Another penalty has been assessed against Darby Aviation, one of several operators involved in the crash of a Challenger 600 at Teterboro Airport, N.J., on February 2. Doing business as AlphaJet International, the Muscle Shoals, Ala.
Federal Aviation Administration
The House of Representatives passed a bill last week that imposes a $250,000 fine and up to a possible five-year prison term for people who point lasers at aircraft. Sponsored by Ric Keller (R-Fla.), the legislation is the outgrowth of several recent incidents. Laser beams can temporarily blind pilots and, in some reported cases, cause permanent eye damage. The bill now awaits passage by the Senate.
The FAA is preparing a notice of proposed rulemaking (NPRM) to require automatic dependent surveillance-broadcast (ADS-B) equipage for aircraft to gain access to certain airspace by 2020, said FAA associate administrator for aviation safety Nicholas Sabatini. Sabatini made the comments during a speech at the FAA’s New Technologies Workshop on Tuesday in Washington.
An FAA airworthiness directive, effective January 26, mandates replacement of a batch of Shadin ADC-2000 air-data computers installed in about 450 aircraft, including a handful of King Airs, Citation 501s and Conquests. The AD was prompted by the discovery of potential errors in some units that could cause them to display incorrect altitude information on their Chelton FlightLogic EFIS displays.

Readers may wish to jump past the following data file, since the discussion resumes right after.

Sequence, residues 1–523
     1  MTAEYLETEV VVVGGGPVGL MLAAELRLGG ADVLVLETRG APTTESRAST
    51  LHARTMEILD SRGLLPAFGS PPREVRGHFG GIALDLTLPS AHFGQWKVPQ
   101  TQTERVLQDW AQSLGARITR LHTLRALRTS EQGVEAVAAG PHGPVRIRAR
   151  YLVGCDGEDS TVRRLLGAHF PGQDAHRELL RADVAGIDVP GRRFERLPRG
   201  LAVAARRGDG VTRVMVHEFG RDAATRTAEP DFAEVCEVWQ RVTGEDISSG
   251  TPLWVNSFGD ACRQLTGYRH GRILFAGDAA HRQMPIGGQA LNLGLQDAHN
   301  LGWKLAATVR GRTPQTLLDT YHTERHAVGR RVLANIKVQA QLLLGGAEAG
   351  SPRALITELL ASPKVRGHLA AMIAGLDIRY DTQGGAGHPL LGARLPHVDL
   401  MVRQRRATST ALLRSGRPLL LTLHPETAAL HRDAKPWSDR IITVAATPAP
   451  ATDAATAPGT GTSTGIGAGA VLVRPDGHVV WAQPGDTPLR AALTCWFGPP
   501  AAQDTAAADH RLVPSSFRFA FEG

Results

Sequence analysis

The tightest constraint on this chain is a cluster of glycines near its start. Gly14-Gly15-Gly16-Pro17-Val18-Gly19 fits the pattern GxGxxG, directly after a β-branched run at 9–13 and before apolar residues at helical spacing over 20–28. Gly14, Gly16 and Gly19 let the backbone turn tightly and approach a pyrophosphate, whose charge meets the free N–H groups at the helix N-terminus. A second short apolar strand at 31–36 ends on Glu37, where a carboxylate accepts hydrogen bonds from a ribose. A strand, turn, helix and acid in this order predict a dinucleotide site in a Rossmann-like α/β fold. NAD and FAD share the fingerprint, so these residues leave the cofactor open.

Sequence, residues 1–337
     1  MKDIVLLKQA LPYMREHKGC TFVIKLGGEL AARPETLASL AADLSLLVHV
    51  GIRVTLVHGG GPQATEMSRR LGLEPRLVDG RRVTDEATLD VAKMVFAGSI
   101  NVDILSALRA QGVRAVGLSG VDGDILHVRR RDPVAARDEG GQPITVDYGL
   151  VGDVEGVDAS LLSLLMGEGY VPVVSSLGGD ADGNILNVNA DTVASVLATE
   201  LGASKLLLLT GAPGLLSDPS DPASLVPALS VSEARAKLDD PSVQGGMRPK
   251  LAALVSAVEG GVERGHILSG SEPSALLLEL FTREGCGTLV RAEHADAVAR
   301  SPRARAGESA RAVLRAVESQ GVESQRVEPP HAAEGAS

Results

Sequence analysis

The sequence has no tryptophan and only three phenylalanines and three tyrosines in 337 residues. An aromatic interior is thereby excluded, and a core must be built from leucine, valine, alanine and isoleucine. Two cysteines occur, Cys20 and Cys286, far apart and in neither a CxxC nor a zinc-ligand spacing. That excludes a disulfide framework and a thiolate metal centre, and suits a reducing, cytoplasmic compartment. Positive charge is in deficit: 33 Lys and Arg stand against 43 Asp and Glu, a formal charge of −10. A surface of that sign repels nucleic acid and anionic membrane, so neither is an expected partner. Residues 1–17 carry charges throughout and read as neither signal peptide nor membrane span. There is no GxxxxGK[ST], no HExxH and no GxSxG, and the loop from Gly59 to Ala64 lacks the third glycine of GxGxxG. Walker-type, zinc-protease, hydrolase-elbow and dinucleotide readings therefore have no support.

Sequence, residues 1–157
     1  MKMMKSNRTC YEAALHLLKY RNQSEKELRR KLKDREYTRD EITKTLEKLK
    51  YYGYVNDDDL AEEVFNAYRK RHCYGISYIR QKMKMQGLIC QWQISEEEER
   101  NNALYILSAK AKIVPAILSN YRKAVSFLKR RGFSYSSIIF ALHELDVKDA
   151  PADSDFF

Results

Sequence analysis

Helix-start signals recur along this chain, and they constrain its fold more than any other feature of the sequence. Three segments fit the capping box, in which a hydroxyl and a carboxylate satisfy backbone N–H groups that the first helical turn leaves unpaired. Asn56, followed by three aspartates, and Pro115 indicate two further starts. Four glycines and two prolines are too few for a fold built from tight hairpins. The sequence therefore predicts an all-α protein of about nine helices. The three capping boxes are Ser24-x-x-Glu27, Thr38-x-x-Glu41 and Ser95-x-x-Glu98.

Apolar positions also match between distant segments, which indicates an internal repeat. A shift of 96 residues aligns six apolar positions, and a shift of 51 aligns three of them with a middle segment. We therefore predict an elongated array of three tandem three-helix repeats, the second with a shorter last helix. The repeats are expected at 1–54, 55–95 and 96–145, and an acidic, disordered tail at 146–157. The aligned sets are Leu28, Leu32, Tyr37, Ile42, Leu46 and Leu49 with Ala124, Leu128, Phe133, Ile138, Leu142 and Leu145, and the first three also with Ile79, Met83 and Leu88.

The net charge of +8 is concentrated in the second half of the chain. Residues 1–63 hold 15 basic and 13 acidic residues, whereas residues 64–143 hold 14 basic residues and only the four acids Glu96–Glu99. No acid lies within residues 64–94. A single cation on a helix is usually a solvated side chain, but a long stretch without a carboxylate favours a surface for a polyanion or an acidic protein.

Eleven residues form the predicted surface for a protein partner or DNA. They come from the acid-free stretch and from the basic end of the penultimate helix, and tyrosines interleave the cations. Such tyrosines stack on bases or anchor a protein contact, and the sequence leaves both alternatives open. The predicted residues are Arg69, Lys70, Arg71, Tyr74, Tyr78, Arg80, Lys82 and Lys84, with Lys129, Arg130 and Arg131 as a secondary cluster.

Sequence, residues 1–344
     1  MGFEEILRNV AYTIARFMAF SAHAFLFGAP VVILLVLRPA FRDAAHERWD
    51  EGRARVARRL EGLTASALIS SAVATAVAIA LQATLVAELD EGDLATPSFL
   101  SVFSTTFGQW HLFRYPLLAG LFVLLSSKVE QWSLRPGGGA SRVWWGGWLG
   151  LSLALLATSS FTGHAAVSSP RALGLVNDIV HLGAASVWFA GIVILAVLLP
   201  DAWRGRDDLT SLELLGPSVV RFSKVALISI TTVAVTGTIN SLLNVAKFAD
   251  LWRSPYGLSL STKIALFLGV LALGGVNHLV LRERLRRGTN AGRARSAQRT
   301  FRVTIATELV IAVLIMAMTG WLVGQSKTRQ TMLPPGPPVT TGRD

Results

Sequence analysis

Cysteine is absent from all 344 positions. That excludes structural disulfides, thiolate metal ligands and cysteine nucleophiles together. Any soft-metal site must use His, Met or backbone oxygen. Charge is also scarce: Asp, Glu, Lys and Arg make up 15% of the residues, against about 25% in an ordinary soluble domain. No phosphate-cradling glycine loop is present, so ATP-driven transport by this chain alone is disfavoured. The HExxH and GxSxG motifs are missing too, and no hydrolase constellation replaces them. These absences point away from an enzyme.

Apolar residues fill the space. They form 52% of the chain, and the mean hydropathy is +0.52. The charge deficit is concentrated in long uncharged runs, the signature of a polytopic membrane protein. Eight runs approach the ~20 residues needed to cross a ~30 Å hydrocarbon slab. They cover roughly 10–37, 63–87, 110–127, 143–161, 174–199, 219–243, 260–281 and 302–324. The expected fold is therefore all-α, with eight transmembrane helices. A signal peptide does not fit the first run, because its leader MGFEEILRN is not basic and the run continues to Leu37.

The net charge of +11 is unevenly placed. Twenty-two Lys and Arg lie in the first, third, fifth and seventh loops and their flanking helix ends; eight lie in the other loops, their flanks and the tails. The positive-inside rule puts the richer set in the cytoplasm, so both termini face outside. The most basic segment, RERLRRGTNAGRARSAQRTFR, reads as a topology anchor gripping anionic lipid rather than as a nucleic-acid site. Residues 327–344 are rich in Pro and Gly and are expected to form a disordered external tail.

An announcement is expected imminently that Charles Keegan will be leaving the FAA’s Air Traffic Organization (ATO) for a senior position at Raytheon. As v-p for operations planning at the ATO, Keegan, 47, has been one of its most visible spokesmen and a strong advocate of system modernization and the application of new technology.
As expected, the FAA is withdrawing a delayed final rule that amended the service difficulty reporting (SDR) requirements for air carriers and repair stations certified under FAR Part 121, 135 and/or 145. The effective date of the rule, adopted in September 2000, has been delayed several times.
The first of two public meetings will be held this Thursday on the FAA’s proposal to make permanent the so-called temporary restrictions and the current air defense identification zone (ADIZ) in the Washington, D.C. metropolitan area. The meeting, presented by a panel of representatives from the FAA and other government agencies, will be held on January 12 at the Sheraton Columbia Hotel, Columbia, Md.
The Helicopter Association International (HAI) has sent an urgent congressional alert to its members to contact their legislators about resolving continued delays in the FAA’s longstanding commitment to provide National Airspace System-quality communications and weather services in the Gulf of Mexico. According to HAI, more than 35,000 people live and work offshore, supported by nearly 650 helicopters.
More stringent training requirements for pilots of Mitsubishi MU-2Bs will result from an FAA special safety review of the turboprop twin. The review, a portion of which was released today, was initiated last year following a series of MU-2B accidents. For Part 135 operators, the additional requirements will become part of their FAA-approved training syllabus and will be effective shortly.
The FAA has scheduled a public meeting on March 22 and 23 in Kansas City, Mo., to address continued airworthiness of the U.S. general aviation fleet of recip and turbine airplanes. The meeting comes nearly six years after the first such gathering in 2000. No rulemaking followed that first meeting, but since then “there have been GA fatal accidents caused by the effects of airplane aging,” the agency said.